Emerging nanotechnology, mobile health connections show promise

Exciting things are happening in nanotechnology. That's no surprise. But what's bringing the topic squarely into the wheelhouse of hospital CIOs is a growing connection between nanotechnology and mobile devices.

I found a couple of interesting examples courtesy of Smithsonian.com and iMedicalApps. One, brings together nanotech, cell phones and mapping technology to diagnose infections on the fly. Called Rapid Diagnostic Tests, the new device was developed by researchers at UCLA.

The nanotech-embedded device uses strips that accept the patient's blood and are inserted into a plug-in on the patient's smartphone, which then reads the strip to determine if the patient has HIV, malaria, syphilis or TB. The app also instantly maps the patient's location, and streams the information to a global map that tracks cases around the globe.

The other intriguing example is actually not diagnostic, but technical in nature. It's called Power Felt, which incorporates "nanotubes" into a fabric; the nanotubes provide power for wearable sensors worn by the patient.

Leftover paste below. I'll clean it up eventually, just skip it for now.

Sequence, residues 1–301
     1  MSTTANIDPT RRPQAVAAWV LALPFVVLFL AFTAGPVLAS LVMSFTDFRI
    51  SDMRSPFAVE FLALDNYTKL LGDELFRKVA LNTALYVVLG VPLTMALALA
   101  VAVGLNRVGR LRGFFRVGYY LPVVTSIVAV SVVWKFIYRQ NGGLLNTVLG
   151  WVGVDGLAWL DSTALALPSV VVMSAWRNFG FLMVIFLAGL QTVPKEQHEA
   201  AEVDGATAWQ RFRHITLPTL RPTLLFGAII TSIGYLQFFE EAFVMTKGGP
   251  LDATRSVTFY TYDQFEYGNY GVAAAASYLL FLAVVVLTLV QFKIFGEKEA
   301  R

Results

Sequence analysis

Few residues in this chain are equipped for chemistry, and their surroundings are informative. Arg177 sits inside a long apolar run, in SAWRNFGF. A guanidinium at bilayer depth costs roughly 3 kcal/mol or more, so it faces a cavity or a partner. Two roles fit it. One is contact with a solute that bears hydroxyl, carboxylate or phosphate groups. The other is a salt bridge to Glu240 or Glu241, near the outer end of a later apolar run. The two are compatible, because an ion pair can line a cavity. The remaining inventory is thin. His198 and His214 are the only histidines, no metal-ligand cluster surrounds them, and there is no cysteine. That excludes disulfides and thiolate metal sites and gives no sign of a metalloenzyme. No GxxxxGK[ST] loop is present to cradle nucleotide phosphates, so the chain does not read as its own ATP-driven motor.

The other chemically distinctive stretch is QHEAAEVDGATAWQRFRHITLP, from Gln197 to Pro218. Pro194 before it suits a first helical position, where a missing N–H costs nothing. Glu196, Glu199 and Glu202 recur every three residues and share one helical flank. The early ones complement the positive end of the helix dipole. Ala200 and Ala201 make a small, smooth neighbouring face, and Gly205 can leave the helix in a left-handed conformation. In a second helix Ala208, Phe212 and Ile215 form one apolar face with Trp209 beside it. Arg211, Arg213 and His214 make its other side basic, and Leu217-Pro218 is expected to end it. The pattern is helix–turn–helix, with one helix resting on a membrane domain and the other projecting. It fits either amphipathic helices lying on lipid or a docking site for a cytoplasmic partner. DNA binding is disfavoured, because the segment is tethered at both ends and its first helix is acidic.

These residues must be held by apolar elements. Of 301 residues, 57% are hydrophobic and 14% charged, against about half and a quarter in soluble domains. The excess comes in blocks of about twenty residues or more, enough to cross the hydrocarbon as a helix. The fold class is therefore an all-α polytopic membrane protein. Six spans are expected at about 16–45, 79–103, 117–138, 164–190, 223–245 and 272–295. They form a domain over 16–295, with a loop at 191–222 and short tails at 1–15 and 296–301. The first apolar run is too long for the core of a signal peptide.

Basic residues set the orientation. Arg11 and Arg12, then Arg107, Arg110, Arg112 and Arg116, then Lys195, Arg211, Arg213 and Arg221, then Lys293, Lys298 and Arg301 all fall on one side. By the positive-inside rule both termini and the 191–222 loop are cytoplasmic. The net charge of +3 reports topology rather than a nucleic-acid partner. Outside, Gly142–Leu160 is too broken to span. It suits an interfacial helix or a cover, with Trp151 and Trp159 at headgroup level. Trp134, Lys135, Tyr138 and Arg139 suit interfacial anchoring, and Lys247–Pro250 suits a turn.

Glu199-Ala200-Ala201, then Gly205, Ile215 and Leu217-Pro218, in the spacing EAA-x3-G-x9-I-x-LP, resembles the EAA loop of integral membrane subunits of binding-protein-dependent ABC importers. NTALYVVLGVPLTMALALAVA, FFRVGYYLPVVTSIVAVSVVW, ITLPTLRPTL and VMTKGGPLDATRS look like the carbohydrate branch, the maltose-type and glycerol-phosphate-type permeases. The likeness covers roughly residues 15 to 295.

The power comes from subtle heat differentials in the ambient temperature, or the patient's body heat, according to iMedicalApps. The nanotubes are small enough to capture those small changes, collect them into large enough charges, and transmit them to the sensors, replacing the need for a separate battery.

There's hope that the heat differentials ultimately could power cell phones, according to iMedicalApps, but the technology isn't quite there yet. Right now, it only can add the equivalent of an extra hour's worth of power per day to the average phone. However, for less power-hungry sensors, it could become the entire power source.

In all, nanotechnology looks to be a powerful driver of change in mobile healthcare, and it's one I plan to keep a close eye on in the year ahead.

What I'm really wondering, though, is whether our readers--CIOs on the frontlines--are using any nanotechnology-augmented devices. If so, what kind? And how are they working out in the real world of providing health services? - Sara